Neil McMillan, the director of advocacy and political affairs at Brussels supermarket lobby EuroCommerce, said “it’s gesture politics that won’t help farmers.”

“[France] has a retail law every year … it still doesn’t change the fact that the farmers are dying,” he added, explaining that retailers want farmers to sell produce more in tune with consumers’ wishes.

MacMillan said many farmers produce goods that supermarkets have trouble shifting, which contributes to the low-price phenomenon. He added that farmers need to add value to their produce to boost incomes.

Slashing subsidies

EuroCommerce was also quick to hit back against Hogan’s assault on so-called “unfair trading practices” — policy jargon that refers to business behavior that allegedly discriminates against farmers.

The lobby pointed out, in a letter seen by POLITICO, that farmers take about a quarter of the final sale value of what they produce, while food processors and food manufacturers each take about a third and that each stage of food production adds more value to a food product — an economic reality for which supermarkets aren’t responsible.

Hogan decided to introduce legislation against the advice of some the Commission’s own experts, who earlier advised against EU-wide rules, since national rules exist in 20 different countries, each tailored to uniquely organized supply chains.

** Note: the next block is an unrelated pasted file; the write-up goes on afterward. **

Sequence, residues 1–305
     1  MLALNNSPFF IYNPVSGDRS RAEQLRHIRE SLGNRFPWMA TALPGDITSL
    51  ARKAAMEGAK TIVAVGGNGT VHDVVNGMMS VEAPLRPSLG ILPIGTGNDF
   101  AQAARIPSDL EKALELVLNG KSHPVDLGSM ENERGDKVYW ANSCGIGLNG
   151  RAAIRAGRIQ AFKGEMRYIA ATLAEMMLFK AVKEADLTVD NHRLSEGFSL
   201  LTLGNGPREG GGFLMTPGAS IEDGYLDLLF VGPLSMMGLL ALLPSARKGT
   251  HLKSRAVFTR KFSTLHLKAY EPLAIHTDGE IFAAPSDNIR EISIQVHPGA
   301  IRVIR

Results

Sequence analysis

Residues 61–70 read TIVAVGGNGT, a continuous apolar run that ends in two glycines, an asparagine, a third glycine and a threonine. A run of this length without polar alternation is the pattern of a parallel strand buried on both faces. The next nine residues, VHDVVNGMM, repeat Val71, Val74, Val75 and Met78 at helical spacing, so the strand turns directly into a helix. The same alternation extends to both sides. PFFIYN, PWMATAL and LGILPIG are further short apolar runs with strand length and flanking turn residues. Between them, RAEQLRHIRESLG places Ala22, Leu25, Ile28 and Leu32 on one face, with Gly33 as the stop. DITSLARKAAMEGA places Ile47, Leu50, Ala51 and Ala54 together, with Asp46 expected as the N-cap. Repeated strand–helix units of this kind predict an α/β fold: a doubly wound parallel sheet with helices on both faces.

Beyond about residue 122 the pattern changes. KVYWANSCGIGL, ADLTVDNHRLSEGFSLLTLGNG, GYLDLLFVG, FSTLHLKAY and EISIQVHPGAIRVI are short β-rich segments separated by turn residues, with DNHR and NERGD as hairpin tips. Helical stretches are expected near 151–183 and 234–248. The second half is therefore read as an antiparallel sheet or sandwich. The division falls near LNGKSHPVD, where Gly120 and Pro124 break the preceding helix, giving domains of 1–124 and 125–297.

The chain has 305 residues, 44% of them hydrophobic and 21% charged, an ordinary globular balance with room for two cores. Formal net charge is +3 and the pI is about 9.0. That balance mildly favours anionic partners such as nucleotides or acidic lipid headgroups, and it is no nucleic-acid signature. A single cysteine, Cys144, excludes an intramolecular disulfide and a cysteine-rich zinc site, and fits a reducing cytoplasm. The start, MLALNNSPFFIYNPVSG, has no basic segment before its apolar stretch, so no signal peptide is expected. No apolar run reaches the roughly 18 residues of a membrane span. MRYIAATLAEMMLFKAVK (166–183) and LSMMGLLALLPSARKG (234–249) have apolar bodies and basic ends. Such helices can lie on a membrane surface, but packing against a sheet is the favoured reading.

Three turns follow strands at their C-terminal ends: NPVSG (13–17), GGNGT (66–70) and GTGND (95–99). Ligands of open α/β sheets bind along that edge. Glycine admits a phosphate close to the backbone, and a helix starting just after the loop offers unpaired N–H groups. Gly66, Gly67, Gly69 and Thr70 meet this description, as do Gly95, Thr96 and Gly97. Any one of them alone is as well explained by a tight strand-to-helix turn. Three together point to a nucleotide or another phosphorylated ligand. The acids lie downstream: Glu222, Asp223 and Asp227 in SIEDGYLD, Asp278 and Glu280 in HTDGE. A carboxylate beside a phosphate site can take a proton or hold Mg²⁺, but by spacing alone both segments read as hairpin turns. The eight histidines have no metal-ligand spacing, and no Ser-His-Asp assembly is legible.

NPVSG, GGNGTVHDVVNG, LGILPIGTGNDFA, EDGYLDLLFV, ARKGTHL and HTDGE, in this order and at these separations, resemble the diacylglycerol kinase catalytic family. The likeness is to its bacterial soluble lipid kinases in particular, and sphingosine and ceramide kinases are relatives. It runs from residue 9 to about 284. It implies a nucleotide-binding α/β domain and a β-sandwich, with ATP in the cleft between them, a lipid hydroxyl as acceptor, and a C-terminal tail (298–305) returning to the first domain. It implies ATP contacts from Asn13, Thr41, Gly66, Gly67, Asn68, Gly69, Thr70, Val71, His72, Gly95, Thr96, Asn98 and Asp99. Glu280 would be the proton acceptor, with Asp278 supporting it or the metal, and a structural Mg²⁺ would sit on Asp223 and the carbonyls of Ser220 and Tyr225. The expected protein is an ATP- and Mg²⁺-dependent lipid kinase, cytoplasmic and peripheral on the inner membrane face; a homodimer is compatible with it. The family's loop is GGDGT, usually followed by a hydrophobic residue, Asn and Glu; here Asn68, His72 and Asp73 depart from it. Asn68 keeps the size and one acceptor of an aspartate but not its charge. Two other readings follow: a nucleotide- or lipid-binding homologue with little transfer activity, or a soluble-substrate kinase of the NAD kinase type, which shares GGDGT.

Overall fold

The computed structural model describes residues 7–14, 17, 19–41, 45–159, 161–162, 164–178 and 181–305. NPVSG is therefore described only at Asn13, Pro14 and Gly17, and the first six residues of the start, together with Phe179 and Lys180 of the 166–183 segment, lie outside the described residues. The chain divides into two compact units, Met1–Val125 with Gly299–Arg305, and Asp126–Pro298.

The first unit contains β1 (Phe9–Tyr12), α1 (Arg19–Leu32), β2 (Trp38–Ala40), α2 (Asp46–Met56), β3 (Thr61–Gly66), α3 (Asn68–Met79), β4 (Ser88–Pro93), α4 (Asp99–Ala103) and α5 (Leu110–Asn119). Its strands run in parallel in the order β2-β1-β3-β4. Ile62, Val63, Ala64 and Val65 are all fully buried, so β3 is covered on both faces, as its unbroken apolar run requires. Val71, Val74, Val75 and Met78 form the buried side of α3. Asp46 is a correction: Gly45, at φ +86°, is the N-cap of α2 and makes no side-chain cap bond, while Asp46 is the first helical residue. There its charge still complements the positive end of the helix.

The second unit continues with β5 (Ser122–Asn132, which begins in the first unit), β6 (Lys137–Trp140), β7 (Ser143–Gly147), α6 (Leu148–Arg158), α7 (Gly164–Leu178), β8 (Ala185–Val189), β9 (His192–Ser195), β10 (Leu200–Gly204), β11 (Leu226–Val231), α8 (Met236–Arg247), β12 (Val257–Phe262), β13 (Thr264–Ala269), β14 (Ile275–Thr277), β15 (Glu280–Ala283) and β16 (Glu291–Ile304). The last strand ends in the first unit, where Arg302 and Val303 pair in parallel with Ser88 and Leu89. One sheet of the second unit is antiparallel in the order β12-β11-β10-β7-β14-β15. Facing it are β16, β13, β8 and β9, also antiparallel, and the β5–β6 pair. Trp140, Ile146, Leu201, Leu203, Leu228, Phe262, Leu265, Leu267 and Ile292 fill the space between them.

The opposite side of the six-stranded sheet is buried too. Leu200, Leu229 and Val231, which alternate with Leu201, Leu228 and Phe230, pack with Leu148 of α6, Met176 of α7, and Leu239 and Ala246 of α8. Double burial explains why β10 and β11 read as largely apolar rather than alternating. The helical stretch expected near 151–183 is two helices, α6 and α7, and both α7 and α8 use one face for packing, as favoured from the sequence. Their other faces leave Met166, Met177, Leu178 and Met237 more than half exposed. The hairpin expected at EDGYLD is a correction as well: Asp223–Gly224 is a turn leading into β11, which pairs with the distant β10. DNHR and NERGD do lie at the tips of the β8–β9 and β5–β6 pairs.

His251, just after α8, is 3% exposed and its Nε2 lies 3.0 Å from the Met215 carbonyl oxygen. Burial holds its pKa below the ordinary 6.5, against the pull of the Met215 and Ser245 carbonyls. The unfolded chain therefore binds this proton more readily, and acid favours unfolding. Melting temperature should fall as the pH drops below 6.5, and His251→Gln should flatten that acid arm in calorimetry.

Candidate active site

European Commissioner for Agriculture Phil Hogan in Cournon, central France | Thierry Zoccolan/AFP via Getty Images

The Irishman broke from that advice by citing an independent study he commissioned last year.

Many people in the food industry suspect the sudden interest in farmers’ welfare is linked to the seeming inevitability of cuts to the EU’s annual billions in subsidies. The loss of Britain’s budget contribution, coupled with mounting pressure on the EU to settle refugees and boost more dynamic industries, means most expect farmers to receive less cash.

“It’s inevitable that we have to cut spending on the budget of the Common Agricultural Policy,” Former Dutch Agriculture Minister Martijn van Dam told POLITICO in May.

An industry official who declined to be named said: “The real story is about money and what happens to finance in the future. That’s really what has changed, not the debate about the supply chain.”

Original Article

Related Posts